Individual Income Tax Forms

    Form AR1000CR Individual Income Tax Composite Return

    Form AR1000F Individual Income Tax Return

    Form AR1000NR Individual Income Tax Return Non Resident

    Form AR1000S Individual Income Tax Return Resident Short Form

    Corporate Income Tax Forms

    Form AR1100CT Corporation Income Tax Return

    Form AR1100CTX Amended Corporation Income Tax Return

    Sales Tax Forms

    Exemption Form

    Form Arkansas Consumer Use Tax Return

    Primary Concerns:

    The most significant recent issues that have effected taxation in Arkansas has been centered heavily on increasing unemployment taxes that many businesses now pay, due to the increasing amounts of state residents seeking unemployment benefits.

    Arkansas’s taxation also has an interesting history in trying to regulate both alcohol and cigarette use by demanding fairly high tax rates on both forms of product.

    Income Taxes:

    All residents of Arkansas or non-residents who draw income from businesses, employment, trusts, or properties located within the state are required to pay Arkansas income tax on their income.

    Those with taxable income of $3,700 or less pay a 1% income rate. The rate for incomes between $11,100 and $18,600 is 4.5%, while between $18,600 and $31,000 the rate is 6%.

    Instead of having recognizing returns that are classified as being single, filing jointly or head of household, Arkansas offers tax credits for these classifications.

    Corporate Income Taxes:

    All businesses and corporations that either reside in Arkansas or do business in state are subject to Arkansas income taxes. This can seem somewhat complicated, but becomes clearer when explained.

    The first $3,000 of corporate income have a tax rate of 1%. What this means is, if an Arkansas business earned $6000 in income for a year, the entire $6000 will NOT be taxed as 2%, only the second $3000.

    From there the next $5000 earned will be 3%, the next $14,000 will be at 5%, the next $75,000 will be at 6%, and any income over $100,000 will be taxed at 6.5%. Everything $100,000 and under will be prorated at the lower rate (All of the previous brackets add up to $100,000: $3,000 + $3,000 + $5,000 + $14,000 + $75,000 = $100,000).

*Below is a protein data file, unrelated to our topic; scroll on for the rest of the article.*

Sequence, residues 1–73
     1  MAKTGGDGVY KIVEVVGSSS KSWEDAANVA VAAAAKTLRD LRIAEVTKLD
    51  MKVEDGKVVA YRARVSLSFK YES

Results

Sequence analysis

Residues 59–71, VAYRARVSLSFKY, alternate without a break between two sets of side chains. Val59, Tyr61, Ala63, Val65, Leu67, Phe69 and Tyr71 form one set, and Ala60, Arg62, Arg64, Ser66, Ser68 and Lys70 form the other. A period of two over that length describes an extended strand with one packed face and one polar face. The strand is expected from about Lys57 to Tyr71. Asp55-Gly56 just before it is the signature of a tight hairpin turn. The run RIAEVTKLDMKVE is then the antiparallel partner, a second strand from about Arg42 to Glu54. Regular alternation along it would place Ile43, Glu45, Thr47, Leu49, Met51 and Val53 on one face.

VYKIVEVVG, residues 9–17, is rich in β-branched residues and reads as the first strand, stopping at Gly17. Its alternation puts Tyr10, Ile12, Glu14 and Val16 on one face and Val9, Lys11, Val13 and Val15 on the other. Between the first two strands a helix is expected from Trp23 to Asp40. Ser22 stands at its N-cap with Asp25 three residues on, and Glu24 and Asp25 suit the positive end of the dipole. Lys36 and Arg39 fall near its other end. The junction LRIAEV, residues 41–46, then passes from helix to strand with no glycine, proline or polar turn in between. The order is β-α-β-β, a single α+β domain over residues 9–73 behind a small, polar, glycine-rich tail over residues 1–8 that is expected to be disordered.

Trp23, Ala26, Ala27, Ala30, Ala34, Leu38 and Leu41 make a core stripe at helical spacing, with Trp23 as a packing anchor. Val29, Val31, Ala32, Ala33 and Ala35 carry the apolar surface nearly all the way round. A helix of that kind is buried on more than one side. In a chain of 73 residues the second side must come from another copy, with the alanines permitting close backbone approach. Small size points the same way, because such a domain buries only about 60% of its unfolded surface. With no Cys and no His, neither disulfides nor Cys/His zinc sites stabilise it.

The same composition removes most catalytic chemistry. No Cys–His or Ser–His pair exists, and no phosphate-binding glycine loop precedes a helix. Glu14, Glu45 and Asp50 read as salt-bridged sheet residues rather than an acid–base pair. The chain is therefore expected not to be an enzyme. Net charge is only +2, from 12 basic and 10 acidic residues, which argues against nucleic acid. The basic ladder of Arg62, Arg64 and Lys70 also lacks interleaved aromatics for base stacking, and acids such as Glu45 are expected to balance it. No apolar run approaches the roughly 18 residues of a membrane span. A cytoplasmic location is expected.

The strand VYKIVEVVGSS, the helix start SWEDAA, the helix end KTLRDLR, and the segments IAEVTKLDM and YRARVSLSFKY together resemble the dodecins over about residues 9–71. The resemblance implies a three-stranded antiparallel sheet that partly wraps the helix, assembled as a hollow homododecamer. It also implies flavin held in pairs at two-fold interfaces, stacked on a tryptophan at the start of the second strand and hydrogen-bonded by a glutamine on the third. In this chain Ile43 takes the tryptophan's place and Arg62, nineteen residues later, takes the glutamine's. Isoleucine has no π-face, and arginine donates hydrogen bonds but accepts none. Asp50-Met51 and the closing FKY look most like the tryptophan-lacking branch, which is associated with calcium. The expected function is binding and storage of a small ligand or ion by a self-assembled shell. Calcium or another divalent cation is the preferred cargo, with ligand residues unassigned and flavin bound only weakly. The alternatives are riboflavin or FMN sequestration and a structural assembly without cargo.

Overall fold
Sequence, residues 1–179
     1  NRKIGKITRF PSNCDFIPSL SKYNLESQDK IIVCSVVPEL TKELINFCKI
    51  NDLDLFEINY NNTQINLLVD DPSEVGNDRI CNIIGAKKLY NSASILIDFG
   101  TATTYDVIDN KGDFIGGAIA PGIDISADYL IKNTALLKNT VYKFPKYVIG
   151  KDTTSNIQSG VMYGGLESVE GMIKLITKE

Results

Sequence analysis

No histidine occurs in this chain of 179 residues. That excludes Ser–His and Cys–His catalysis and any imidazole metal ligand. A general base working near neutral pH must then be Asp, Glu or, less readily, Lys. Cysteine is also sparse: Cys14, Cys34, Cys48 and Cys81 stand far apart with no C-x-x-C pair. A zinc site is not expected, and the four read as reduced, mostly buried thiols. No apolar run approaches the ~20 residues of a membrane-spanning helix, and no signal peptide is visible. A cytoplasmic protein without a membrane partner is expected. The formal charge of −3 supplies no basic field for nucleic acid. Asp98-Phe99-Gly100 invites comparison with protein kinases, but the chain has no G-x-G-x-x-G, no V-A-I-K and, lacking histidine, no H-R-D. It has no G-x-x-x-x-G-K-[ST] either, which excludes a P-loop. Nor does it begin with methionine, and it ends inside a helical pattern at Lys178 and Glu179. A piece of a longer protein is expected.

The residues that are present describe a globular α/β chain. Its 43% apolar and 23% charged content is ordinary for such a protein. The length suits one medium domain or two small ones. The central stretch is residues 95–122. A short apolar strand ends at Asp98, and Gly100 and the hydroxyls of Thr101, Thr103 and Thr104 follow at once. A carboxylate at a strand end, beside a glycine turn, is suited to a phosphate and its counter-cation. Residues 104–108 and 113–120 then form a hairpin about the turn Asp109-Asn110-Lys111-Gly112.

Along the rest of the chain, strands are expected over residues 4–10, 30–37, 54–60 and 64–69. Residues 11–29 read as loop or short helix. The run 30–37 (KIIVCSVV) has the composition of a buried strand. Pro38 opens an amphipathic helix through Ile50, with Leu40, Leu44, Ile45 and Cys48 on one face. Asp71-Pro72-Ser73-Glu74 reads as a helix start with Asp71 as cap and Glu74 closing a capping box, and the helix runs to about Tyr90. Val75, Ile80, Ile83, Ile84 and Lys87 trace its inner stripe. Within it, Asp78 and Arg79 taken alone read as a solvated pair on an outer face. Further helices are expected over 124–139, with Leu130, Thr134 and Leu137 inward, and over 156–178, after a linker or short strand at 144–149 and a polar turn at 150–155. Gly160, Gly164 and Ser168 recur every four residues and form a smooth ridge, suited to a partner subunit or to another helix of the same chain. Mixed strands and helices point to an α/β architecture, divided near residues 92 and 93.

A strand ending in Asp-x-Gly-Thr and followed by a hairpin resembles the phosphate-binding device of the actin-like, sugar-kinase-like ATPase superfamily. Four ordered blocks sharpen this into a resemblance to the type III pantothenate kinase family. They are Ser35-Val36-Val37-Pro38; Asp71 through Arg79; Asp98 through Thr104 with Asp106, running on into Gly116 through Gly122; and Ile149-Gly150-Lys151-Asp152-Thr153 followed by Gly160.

Corporations with a sustainable net operating loss may carry it forward for five years as a deduction.

    Property Taxes:

    Property taxes in Arkansas are generally operated on a county by county basis. The state does not set or collect property taxes; taxes are set and collected by the county of residence (and Arkansas has 75 counties). In general, Arkansas counties usually tax most property no matter the purpose or use.

    This includes vehicles, which are taxed at their assessed value, which is usually 20 percent of market value multiplied by the mileage rate (which varies from county to county).

    Sales Taxes:

    The standard Arkansas state sales tax is 6%, and it is fairly standard across the state on most saleable items. Many municipalities add additional sales taxes on top of these rates; the city of Little Rock adds an additional half percent to its sales tax.

    Because of its history as a “dry” state, meaning that many counties have historically placed restrictions on alcohol sales (with many counties still doing so), the state has a comprehensive listing of various tax rates on alcohol beverage purchases, with beer commanding a 1% sales tax, while mixed drinks boast a whopping 10% sales tax.

    NEXT: California State Tax